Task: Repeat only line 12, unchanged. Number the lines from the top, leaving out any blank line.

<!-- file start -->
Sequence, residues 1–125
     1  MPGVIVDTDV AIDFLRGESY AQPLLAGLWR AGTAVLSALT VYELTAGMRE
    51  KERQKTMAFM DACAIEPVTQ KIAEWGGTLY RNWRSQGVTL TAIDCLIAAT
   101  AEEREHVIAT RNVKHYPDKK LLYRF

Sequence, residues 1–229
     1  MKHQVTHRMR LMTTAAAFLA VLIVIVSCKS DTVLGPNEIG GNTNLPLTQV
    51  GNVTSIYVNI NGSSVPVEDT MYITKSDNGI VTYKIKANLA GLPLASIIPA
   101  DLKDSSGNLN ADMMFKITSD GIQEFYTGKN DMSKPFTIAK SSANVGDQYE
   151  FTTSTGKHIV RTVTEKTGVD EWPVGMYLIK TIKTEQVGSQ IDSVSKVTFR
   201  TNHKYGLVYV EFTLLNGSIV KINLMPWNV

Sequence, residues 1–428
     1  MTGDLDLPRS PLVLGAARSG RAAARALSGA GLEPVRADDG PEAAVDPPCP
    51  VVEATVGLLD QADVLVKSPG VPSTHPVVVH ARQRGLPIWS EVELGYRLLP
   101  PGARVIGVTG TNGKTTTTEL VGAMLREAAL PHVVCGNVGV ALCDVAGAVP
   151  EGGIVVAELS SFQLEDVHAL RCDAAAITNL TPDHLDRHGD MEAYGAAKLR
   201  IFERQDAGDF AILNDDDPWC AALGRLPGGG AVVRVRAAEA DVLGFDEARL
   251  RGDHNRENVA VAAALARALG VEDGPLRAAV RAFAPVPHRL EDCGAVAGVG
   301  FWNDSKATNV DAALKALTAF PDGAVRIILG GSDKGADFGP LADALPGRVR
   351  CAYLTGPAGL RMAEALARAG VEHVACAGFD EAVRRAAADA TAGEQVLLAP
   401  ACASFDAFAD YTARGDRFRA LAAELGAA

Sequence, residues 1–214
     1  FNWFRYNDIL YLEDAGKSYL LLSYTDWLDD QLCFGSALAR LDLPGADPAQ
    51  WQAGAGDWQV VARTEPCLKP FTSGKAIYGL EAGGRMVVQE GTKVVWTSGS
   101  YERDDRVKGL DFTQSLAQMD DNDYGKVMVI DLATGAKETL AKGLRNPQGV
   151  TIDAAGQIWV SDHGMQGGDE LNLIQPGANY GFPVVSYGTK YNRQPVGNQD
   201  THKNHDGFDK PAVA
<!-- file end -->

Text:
     1  MTGDLDLPRS PLVLGAARSG RAAARALSGA GLEPVRADDG PEAAVDPPCP